Thursday, October 8, 2020

2021 Equalized Valuations Show Economic Trends, Forecast State Aid Changes


The release of Equalized Valuations for every town in New Jersey allows us yet again to get a snapshot of New Jersey's demographic and economic churn, plus get a preview of state aid changes for 2021-21 school year.  

(I've made 2018-20 data available here)

Equalized Valuation is the value of all the taxable property in a town.  It is used to apportion county taxes and, in theory, to distribute Equalization Aid (the most important stream of state aid).  

New Jersey's total Equalized Valuation grew by $34.9 billion, or 2.29%, from $1.323 trillion to $1.353 trillion, which is better than inflation (~0.65%).  

As usual, growth is uneven, ranging from 0.1% growth for Hunterdon County, to 6.2% in Hudson County.  In fact, Hudson County's $5.9 billion was 17% of the state's total, which is in line with the trend of recent years.  

The median town only gained 1.66%, which underscores how Equalized Valuation gains are always concentrated in a small number of towns.  Half of NJ's $34.9 billion net gain occurred in only 51 towns.

This is shocking, but part of a trend.  Since 2018, half of NJ's $71 billion net gain in Equalized Valuation has occurred in only 34 towns!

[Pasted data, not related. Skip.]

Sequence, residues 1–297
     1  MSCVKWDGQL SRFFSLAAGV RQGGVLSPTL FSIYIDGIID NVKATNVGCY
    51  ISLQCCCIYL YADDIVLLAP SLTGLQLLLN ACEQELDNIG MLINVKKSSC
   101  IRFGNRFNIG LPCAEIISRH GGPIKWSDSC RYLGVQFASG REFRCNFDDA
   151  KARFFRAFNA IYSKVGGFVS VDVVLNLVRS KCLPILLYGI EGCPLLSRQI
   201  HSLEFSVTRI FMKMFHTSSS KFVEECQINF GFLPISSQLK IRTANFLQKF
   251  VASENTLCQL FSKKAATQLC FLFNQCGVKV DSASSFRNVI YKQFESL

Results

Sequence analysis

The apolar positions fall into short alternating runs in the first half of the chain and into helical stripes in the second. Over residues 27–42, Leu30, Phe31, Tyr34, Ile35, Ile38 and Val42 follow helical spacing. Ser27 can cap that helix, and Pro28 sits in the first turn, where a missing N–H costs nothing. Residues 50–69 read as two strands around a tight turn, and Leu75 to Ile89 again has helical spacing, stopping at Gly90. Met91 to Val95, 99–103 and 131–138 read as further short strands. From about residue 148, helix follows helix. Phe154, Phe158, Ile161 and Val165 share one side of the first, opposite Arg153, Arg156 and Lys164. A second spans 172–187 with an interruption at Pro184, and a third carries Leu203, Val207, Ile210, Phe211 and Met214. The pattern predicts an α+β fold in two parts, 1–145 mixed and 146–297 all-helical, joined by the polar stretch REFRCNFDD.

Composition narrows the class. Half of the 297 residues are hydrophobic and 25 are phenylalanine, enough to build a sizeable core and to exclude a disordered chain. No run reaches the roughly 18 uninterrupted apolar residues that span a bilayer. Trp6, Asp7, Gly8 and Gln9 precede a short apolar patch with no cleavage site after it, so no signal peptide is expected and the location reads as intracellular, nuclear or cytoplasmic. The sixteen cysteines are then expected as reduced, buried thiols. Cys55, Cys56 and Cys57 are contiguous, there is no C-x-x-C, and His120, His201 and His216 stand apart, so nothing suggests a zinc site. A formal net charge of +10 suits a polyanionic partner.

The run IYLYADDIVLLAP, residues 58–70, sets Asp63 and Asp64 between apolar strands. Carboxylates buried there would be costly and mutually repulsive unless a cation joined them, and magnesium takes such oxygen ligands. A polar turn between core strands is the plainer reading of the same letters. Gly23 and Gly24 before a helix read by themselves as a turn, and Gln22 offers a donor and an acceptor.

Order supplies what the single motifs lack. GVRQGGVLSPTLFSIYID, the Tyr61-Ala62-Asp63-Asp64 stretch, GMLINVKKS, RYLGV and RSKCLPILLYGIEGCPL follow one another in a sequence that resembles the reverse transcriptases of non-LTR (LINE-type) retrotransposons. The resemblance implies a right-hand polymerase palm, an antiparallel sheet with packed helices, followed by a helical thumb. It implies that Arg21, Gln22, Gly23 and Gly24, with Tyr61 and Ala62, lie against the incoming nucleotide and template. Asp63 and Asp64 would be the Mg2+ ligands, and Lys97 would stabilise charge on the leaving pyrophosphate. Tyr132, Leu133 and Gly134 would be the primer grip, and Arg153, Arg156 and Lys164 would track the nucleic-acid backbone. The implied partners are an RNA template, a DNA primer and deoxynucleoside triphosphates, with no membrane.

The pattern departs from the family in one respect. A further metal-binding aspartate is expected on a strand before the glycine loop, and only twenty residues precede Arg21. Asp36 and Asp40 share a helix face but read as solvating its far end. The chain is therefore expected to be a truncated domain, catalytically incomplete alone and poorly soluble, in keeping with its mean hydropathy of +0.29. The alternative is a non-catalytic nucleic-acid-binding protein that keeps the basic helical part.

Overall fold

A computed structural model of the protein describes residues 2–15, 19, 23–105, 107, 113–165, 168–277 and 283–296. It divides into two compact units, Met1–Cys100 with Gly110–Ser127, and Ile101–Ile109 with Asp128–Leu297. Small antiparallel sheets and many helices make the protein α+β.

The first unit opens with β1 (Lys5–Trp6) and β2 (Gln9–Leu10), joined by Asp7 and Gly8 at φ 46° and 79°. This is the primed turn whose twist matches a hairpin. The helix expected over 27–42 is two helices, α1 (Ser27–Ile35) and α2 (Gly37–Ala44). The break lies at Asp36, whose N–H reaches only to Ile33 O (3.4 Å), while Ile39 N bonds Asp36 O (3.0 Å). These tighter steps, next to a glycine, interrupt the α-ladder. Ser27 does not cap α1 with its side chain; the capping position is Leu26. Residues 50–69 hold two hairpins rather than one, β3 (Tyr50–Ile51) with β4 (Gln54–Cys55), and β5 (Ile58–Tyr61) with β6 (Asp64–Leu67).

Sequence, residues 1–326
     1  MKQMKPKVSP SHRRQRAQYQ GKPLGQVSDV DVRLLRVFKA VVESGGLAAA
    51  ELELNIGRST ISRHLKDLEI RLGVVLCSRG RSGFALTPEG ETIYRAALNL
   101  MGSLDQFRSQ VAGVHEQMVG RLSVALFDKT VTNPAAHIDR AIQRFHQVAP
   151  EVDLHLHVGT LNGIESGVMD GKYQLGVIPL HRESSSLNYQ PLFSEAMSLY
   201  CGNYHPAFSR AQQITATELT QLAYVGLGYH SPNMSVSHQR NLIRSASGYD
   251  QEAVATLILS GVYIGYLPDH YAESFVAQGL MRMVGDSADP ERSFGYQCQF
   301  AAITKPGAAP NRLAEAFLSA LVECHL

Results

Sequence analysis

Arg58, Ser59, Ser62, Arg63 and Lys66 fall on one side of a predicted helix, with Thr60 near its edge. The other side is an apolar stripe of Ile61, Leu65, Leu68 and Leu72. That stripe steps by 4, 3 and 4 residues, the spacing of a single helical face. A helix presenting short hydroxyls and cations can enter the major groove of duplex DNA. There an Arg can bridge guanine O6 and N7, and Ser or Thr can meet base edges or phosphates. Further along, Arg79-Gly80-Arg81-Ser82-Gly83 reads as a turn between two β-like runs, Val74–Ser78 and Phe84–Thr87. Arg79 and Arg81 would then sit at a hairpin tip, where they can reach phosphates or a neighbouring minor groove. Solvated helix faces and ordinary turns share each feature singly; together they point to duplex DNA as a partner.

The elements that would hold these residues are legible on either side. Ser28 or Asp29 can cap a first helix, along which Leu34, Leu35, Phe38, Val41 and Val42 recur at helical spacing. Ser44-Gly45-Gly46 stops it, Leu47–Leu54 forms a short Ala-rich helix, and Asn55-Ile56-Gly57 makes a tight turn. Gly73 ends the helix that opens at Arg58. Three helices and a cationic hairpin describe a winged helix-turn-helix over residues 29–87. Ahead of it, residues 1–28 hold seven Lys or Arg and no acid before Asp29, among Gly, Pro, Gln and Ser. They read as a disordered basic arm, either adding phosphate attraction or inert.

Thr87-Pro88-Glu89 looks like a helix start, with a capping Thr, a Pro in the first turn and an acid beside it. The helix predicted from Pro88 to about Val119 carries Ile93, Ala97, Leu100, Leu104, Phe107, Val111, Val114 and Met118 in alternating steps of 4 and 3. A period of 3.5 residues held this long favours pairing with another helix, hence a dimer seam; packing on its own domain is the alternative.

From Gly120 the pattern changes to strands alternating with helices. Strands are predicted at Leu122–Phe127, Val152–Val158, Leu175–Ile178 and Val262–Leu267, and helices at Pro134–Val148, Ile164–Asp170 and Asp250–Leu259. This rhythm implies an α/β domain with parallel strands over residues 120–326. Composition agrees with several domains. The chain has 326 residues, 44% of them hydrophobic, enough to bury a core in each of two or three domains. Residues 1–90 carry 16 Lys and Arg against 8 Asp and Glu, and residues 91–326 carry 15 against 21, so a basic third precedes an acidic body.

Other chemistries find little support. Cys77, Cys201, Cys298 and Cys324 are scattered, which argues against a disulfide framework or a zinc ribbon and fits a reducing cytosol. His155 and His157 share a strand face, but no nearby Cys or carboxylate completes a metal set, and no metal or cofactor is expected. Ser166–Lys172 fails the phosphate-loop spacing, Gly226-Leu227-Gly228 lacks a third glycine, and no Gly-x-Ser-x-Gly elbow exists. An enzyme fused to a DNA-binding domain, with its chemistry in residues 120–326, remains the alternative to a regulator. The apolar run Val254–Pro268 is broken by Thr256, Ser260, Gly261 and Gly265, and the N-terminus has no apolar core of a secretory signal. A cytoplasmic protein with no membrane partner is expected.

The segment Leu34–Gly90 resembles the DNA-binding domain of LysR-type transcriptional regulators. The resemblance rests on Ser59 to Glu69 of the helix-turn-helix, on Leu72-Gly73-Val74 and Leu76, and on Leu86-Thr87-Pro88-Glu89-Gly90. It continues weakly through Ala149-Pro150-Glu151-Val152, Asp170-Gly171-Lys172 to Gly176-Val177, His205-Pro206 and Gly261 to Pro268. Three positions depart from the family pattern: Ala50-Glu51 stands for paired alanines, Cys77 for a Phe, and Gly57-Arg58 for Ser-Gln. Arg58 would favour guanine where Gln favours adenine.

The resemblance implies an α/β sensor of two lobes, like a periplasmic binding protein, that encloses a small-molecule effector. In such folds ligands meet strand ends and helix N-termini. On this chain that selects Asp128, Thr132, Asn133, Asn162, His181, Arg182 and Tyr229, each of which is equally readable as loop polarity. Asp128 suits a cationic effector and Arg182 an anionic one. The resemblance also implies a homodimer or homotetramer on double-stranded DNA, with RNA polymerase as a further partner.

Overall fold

140 towns actually lost Equalized Valuation.  The Equalized Valuation-losing towns were in all counties except Cape May.  Bergen had 23 towns lose Equalized Valuation.  Morris County had 14. 

We often hear about an "urban renaissance" and gentrification, as a class New Jersey's cities are highly disparate.  Newspapers print many articles about gentrification in Newark, Newark lost Equalized Valuation (-1.85%) and hasn't had consistent growth recently.  Trenton (-0.8%) lost Equalized Valuation too.  On the other hand, Paterson gained 12.7%, but after having zero growth for 2020.  

Jersey City, Orange, East Orange and Plainfield had excellent years, although after a few years of stagnation for the towns other than Jersey City.  A conversation about "urban areas" in New Jersey has little meaning, because NJ's urban areas differ so much from each other.  

A few years ago affluent train line suburbs were doing extremely well, but that hasn't been the case for the last few years. Morristown was -3.95%. Chatham was -2.04%. Maplewood was -1.31%. Millburn was -0.74%. South Orange had 0% growth. Summit was 0.50%. Ridgewood Village was +0.57%. Montclair was at +1.95%. Glen Ridge gained 2.44%.  Over in central Jersey, Princeton was +0.99%.  Collingswood was +3.67%.

Perhaps the acceleration of suburbanization from New York City and hot real estate markets in train-line
A rendering of the Franklin Township
Amazon warehouse.
towns will be reflected in 2022 Equalized Valuation numbers?  But as of June 2020 (the end of the data gathering), there was no boon to report.

Several of the biggest gainers are towns with large logistics facilities.  Franklin Township, which is ranked #6, had an Amazon warehouse open up.  South Hackensack also has an Amazon distribution center.  

Presumably the growth comes from the distribution centers themselves and employees purchasing homes.

NJ's fastest gainers for 2019 to 2020.

TownOne Year Percentage Gain in 2020
FRANKLIN (Somerset)12.49%
FAIRFIELD (Essex)12.00%

Implications for State Aid

The 2020-21 formula for Local Fair Share is